It should come as no surprise my life runs on coffee. Hell, it’s in the description of this site. Now with a newborn baby to take care of, my coffee consumption has increased even more. For many years I drank regular drip coffee, mostly Folgers, and thought there was nothing better out there.
One day, a friend said to me, life is too short for bad coffee as he filled my mug up with some of his own brew made with a Chemex. Almost immediately, I stopped drinking Folgers coffee. In fact, I stopped actually categorizing Folgers coffee as coffee. Compared to the coffee my friend had given me, regular coffee was bland, bitter sludge.
That day I became hooked on good coffee, and haven’t looked back since.
These days I have a drawer full of coffee tools ranging from: a french press, espresso machine, aeropress, and Chemex. While my go-to coffee brewing method has changed over the years, quality has always been the most important.
So, how do I make my coffee?
It Starts With A Grinder
Let me get this out of the way first – a grinder is the most important tool when it comes to making a good cup of coffee. Not just any grinder, thought – a burr grinder is of the upmost importance. The cheaper price tag of a blade grinder might seem appealing, but once you see the uneven grind it produces, you’ll wish you bought a burr grinder instead.
I use a Baratza Encore burr grinder that was given to me as a gift. Unlike a blade grinder, it allows me to select the coarseness of the grind and it does the rest. Trust me – if you want a good cup of coffee, don’t screw around with a shitty grinder.
Then The Coffee Beans
Selecting coffee beans is a very personal choice as each bean can produce a completely different flavour. I try to change it up as much as possible, but I always end up reverting back to either the Starbucks Espresso Bean or Kicking Horse brand. Don’t fall into the trap of thinking all coffee tastes the same. Some beans produce a fruity flavour, others more bitter. Find what you like and it will make the world of difference in your enjoyment of coffee.
You Need Hot Water
This is one part of my coffee-making process in which I cheaped out. I bought a $30 hot water boiler from Walmart. I’m planning on upgrading soon, but unless you choose a pour-over coffee method (more on that later), an expensive water boiler isn’t necessary.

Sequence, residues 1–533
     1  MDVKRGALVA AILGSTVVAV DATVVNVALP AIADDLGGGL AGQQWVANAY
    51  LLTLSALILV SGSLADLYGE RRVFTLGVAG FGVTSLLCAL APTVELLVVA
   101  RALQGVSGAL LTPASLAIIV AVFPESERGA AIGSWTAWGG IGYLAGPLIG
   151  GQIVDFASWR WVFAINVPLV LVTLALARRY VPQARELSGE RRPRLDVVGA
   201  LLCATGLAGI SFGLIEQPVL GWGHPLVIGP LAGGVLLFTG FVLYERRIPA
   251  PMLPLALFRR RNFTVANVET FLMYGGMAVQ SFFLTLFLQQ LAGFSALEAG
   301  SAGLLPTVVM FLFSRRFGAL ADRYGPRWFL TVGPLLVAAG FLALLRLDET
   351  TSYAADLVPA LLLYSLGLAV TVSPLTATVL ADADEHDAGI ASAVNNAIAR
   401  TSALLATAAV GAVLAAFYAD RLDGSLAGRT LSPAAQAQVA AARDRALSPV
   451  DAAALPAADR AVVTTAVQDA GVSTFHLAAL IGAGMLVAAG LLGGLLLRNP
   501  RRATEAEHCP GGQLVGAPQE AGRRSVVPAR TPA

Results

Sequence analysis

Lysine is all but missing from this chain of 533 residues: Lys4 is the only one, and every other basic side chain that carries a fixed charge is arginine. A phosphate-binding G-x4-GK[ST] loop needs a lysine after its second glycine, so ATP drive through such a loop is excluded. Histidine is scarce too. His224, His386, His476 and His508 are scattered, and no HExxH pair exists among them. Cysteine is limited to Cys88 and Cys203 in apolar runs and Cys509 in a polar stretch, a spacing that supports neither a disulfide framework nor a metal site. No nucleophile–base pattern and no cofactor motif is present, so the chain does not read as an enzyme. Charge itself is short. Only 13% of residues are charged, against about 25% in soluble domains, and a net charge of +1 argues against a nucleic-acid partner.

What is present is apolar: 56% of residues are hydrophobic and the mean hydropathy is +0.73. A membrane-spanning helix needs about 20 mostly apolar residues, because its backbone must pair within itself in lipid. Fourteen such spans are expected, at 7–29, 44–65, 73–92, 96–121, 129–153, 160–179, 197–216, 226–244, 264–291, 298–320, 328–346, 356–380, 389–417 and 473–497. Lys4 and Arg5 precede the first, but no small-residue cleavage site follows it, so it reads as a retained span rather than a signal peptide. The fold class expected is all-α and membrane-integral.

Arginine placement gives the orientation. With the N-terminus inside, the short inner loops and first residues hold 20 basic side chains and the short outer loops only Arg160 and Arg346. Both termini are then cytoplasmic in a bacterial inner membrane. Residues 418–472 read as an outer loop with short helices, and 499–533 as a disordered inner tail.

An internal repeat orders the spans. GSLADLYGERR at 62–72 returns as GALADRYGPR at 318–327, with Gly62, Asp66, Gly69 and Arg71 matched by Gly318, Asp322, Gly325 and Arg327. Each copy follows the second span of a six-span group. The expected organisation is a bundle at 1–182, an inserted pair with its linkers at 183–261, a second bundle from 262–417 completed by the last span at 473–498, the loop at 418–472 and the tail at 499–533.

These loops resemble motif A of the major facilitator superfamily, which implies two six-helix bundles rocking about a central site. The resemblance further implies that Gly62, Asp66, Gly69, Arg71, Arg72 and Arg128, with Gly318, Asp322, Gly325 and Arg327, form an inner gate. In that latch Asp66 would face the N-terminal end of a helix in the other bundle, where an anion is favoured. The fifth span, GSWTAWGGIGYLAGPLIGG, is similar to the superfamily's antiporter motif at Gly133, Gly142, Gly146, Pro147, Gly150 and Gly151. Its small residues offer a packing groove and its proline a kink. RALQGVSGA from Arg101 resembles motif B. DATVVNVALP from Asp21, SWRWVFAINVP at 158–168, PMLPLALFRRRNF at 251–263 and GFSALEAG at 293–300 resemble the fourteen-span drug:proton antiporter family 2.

Milk And Sugar
I’m kidding with this headline. If you need milk and sugar to enjoy your coffee, you should probably skip the rest of this article.
The Methods Of Brewing
When it comes to coffee brewing methods, there’s a lot of debating over which makes the best cup of coffee. I’m not going to try and settle that debate, but instead I’m going to list my methods for making coffee and describe each one briefly. Every brewing method has its advantages and disadvantages, but if you’re still using a drip coffee maker, any of these methods will produce a better cup of coffee.
The French Press
A French Press is an affordable solution to making good coffee. You don’t need filters, which means there is no ongoing cost besides your coffee beans. The resulting coffee is often strong as the beans stew with the water producing a bold flavour with lots of natural oils. A drawback to using the French Press is often you’ll end up with stray grinds in your cup and the last few sips end up silty.
Often considered to be one of the best ways to make coffee, the Aeropress is another affordable alternative for making good coffee. Unlike the French Press, the Aeropress uses filters and a rubber seal to prevent excess coffee grinds from ending up in your cup. This increases the overall cost of use, but results in a much smoother cup of coffee. Unfortunately, the last sip of your cup is usually silty as well. Unlike other alternatives, the Aeropress makes a single cup of coffee at a time. This makes it a poor choice if you often make coffee for multiple people at a time (or a great choice if you’re selfish).
The Espresso Machine
By far the most flexible way to make coffee/espresso drinks, an espresso machine is able to produce small amounts of concentrated coffee (espresso) which can be watered down to make an Americano (basically coffee). It’s the only coffee maker listed here that is powered by electricity and it costs a small fortune. Buy one to impress your friends.
The Chemex is the most time-consuming way to make coffee, but it also produces one of the smoothest cups around. It uses filters (which can add to the cost), but the Chemex itself is affordable and comes in different sizes. Since a Chemex requires pouring hot water over coffee, having a water boiler with a narrow spout is important.
So, What Method Do I Use Most Often?
My go-to coffee-making method, if I’m not in a rush, is the Chemex. If I’m strapped for time, I’ll use the Aeropress instead. In my opinion, the Chemex makes the smoothest cup of coffee out of all the alternatives above. It requires the most effort and time, which also makes it the most therapeutic way to make coffee. Starting the day by making a pot of coffee with the Chemex is an incredibly relaxing way to wake up.
Regardless of how you choose to make coffee in the morning, know there are alternatives to the traditional drip machine. Any of the above methods to making coffee require a financial investment – but trust me – once you try one of these cups of coffee, you won’t go back.
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